With the Morning Came the Sun
The night was wicked. Rain and wind pounded the campsite all night. I could hear Jim and Chris’s tents flapping in the 25-30 mph gusts. I was more than comfortable in the shelter tucked away in a corner out of the force of the air flow. About 6 am I was beginning to cook breakfast when I heard this massive crash just below their tents but below my sight line. A huge tree had given up on appearing to be strong and had finally been brought to earth. Another 100 + year old tree gone. Chris almost immediately came out of his tent. “I was sound asleep and dreamed that I heard a large noise.” Yes he did. As you can see above the upcoming day had the promise of better times.
Jim of Greensboro North Carolina and Chris of Richmond, Virginia
These are the middle school friends who have stayed connected and hike 3 or 4 times a year. They had heard of the Foothills Trail at home so I may see them again. Jim says that his wife harasses him about not having more friends. He tells her he doesn’t need any more friends…. he has Chris.
Black Rock Overlook Climbing Apple Orchard Mountain
I was on the trail by 0812 having said our goodbyes. Now wearing shorts (although wet) it was as different as night and day from the previous day. The day began with a 1,200 foot 4 mile climb up the side of Apple Orchard Mountain. I’m surely not going to tell you that I didn’t stop to catch my breath because I did. It’s just that it was manageable. Maybe it was just the fact that the sun was out or the morning granola had gone down easier or maybe even….. hopefully…..that my hiking legs were beginning to kick in. 600 feet below the summit there was a sign that read “Blackrock Overlook 200 Feet”. I turned onto the spur and the picture above was my reward.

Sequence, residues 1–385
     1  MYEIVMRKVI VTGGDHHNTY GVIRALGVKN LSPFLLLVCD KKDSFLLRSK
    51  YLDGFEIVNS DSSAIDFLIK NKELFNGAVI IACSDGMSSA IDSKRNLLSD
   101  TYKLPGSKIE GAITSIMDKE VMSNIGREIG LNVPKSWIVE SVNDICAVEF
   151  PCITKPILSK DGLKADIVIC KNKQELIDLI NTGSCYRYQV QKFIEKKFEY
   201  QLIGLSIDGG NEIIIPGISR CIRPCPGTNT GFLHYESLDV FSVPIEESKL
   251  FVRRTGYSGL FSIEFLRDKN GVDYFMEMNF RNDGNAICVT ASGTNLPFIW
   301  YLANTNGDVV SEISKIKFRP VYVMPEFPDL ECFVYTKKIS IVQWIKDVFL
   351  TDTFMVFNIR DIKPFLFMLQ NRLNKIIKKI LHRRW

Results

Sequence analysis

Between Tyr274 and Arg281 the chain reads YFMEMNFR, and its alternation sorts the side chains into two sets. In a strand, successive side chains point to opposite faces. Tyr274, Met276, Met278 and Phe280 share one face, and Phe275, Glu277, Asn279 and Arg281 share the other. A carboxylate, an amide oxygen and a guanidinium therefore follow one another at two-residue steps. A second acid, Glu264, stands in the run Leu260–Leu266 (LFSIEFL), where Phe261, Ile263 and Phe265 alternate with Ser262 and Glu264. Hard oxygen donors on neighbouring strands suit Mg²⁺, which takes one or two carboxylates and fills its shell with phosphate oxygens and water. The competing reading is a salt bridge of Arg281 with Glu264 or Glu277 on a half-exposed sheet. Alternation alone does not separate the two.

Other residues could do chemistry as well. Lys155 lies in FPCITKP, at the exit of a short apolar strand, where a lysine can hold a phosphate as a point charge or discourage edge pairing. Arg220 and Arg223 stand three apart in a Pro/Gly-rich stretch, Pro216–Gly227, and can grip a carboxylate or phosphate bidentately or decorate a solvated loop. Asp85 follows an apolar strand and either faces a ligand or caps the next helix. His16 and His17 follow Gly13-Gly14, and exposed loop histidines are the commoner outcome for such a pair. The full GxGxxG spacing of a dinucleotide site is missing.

Apple Orchard Mountain and the Federal Aviation Administration Tower
I knew the day was better when I crested the knoll onto the meadow at the top and didn’t feel like I needed to locate a casket for my upcoming demise. The tower is, of course, unmanned so I slowly hiked past the massive structure and found some temporary shelter to call Jan. The wind was cool enough that I put my puffy vest back on. I had found a groove and felt that I could hopefully make up for some of yesterday’s loss of mileage.
Entrance Into the Thunder Ridge Wilderness
It was a sign that promised six miles of mostly downhill hiking. It also provided the place where I experienced my first…..
fall! It happened in a flash. My hiking companion Vert T. Go had nothing to do with it. The steps above were wet from the previous night’s rain and they were just waiting for someone like me who was feeling good about his hike to innocently come along. My left foot slipped on a wet step and the weight of my pack caused a backwards spin to the left. If it had been a dance contest I would have won for most original move. I don’t know how my dance partner would have been able to follow because I sure didn’t know where the heck I was going. I remember thinking don’t break your wrists when you break your fall and then someone grunted. Oh…..: it was me. It may have been more of an “umphhh”. I laid there a moment…. assessed my body….tested my moving parts…. got up…. adjusted my gear…. and hiked on.